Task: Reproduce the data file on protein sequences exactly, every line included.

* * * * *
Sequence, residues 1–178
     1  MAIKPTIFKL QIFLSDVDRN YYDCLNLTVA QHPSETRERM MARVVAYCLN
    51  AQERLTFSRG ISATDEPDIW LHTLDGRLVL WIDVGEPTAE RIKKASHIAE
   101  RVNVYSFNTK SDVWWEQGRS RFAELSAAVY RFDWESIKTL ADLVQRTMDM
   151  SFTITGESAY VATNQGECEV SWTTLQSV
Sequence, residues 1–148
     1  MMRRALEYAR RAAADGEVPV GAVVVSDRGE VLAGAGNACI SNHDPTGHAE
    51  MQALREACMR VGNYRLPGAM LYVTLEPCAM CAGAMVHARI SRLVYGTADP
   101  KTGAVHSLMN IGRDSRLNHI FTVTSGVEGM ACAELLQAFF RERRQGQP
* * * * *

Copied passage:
Sequence, residues 1–178
     1  MAIKPTIFKL QIFLSDVDRN YYDCLNLTVA QHPSETRERM MARVVAYCLN
    51  AQERLTFSRG ISATDEPDIW LHTLDGRLVL WIDVGEPTAE RIKKASHIAE
   101  RVNVYSFNTK SDVWWEQGRS RFAELSAAVY RFDWESIKTL ADLVQRTMDM
   151  SFTITGESAY VATNQGECEV SWTTLQSV
Sequence, residues 1–148
     1  MMRRALEYAR RAAADGEVPV GAVVVSDRGE VLAGAGNACI SNHDPTGHAE
    51  MQALREACMR VGNYRLPGAM LYVTLEPCAM CAGAMVHARI SRLVYGTADP
   101  KTGAVHSLMN IGRDSRLNHI FTVTSGVEGM ACAELLQAFF RERRQGQP